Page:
Back in 1960, plastic surgeon Maxwell Maltz wrote a self-help book called Psycho-Cybernetics, in which he stated that it took 18 to 21 days to start a new habit. Since that time, new research suggested that 66 days was a more realistic time frame and that some recalcitrant bad habits took up to 245 days to turn around.
Gretchen Rubin, in her October 21, 2009 Psychology Today article, “Stop Expecting to Change Your Habit in 21 Days—How long does it really take to change a habit?” laments that while it takes only two repetitions to firmly entrench a bad habit, it takes much longer to establish positive ones, adding emphatically “That’s why developing a good habit is really worth the struggle; once you’re used to making your bed each morning, or going for an evening walk, or flossing, you don’t have to exert much self-control to keep it up.” It took me about two solid months to learn how to use bookmarks and hyperlinks on the computer to create indexes and tables of contents, and then continuous reinforcing practice over several years to make it a reflex response.
Back in April of 2010, Mike Ford gave a sermonette on the Last Day of Unleavened Bread entitled “Outliers” that was based upon a book written by Maxwell Gladwell who insisted that success in any endeavor depends on practice and that practice is not something we do when we are good, but it is something that we do diligently and habitually to make us good. Professionals never stop practicing.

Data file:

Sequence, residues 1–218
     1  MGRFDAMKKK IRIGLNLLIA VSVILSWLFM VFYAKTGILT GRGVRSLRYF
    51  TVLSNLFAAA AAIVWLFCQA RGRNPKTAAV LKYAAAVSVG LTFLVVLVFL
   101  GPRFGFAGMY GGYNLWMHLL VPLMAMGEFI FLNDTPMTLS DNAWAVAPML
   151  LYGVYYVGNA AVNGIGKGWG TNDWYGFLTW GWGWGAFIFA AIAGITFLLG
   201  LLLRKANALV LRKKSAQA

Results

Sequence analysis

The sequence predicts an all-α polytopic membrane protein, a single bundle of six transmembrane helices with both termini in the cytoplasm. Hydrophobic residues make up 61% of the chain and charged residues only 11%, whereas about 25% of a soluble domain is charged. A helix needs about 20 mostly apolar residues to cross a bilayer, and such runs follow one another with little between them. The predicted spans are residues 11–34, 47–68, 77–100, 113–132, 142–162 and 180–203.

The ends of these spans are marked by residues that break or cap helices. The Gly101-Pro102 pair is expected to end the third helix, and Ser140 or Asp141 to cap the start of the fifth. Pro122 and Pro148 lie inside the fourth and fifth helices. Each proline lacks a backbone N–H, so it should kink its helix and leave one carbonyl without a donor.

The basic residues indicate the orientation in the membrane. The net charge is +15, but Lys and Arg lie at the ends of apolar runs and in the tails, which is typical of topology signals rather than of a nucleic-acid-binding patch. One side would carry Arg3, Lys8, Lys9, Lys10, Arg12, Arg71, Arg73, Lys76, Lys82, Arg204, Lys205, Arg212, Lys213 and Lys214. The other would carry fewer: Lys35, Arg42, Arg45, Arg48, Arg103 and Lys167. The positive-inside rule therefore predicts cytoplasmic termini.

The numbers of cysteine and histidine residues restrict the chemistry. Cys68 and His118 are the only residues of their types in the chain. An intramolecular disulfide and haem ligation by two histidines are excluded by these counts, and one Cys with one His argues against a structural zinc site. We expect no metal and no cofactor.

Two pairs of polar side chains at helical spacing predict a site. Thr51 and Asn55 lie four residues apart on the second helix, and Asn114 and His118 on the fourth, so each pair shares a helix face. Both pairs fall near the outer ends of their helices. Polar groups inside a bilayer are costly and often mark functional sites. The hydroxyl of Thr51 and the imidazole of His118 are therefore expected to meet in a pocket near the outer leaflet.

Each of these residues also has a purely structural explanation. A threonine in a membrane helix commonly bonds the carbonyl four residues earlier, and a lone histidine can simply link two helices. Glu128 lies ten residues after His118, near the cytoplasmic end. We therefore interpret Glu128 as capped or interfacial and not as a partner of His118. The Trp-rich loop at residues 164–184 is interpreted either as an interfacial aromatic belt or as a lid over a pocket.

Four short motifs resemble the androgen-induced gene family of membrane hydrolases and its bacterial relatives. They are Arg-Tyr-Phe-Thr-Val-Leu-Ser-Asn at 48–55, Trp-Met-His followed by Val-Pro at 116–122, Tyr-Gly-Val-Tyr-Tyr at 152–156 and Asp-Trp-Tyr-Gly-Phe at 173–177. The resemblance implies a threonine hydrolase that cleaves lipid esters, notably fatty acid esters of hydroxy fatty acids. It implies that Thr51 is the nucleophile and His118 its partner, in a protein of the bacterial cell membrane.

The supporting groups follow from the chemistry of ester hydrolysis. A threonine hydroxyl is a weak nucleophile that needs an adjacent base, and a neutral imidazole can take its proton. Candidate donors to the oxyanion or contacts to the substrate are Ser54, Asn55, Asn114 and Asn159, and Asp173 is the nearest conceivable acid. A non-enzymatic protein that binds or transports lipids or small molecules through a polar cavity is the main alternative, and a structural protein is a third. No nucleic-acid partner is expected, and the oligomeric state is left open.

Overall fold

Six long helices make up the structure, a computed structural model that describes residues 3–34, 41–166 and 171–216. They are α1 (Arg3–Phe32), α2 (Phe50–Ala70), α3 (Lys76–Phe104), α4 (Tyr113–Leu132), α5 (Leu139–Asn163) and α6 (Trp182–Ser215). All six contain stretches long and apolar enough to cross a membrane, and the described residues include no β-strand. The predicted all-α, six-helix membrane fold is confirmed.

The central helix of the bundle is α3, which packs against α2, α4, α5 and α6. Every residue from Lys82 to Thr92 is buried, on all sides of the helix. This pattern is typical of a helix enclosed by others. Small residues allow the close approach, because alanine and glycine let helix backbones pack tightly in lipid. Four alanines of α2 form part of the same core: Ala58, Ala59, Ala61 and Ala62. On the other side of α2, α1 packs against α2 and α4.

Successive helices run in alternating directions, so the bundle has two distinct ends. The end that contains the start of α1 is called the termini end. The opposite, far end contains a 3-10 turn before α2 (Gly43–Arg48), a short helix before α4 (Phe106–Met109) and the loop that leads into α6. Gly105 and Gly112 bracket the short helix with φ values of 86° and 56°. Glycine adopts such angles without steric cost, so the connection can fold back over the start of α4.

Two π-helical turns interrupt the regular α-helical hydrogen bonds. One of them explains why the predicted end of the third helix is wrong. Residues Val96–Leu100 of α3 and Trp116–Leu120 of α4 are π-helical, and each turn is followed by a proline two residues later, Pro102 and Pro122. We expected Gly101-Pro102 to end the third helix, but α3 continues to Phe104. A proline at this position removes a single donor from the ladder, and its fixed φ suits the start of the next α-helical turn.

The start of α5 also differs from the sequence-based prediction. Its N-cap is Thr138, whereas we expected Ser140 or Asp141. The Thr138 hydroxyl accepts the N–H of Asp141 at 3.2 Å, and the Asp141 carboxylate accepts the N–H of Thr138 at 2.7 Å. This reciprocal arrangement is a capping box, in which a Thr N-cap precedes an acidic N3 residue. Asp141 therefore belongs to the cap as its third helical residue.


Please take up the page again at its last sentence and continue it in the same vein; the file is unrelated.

In his message, which later appeared in print, entitled “Diligence in Practice,” Mike cited Gladwell’s concept of the 10,000-Hour Rule, developed from a study in the early 1990’s conducted by Berlin’s elite Academy of Music, concluding that diligent and habitual practice plays a far greater role than innate talent in producing professional musicians. The students who would end up the best in their classes had begun to practice more until they got up to 10,000 hours. Mike made the case that God’s called ones are obligated to harness the work ethic, practicing diligently and habitually our spiritual endeavors including Bible study, prayer, fasting, and meditation.
As a saw is different from a hammer, and a screwdriver is different from a pliers, prayer is different from Bible study, and meditation is different from fasting; they are intended to work together to construct an edifice of godliness. Meditation could be considered a needed warm-up exercise for prayer and a cool-down exercise for Bible study.
Meditation requires quiet, solitude, and a far slower and more relaxed pace—something alien to modern Western culture. When we study or pray, we are in the sprint mode; when we fast and meditate, we are in the walking or plodding mode. Meditation may be compared to the decompression intervals to combat the bends. Ascent from a pressurized environment such as we experience every day must be done carefully and at crucial intervals.
Scripture provide some clues as to when these spiritual warm up and cool-down exercises should occur.
Psalm 1:2 But his delight and desire are in the law of the Lord, and on His law (the precepts, the instructions, the teachings of God) he habitually meditates (ponders and studies) by day and by night.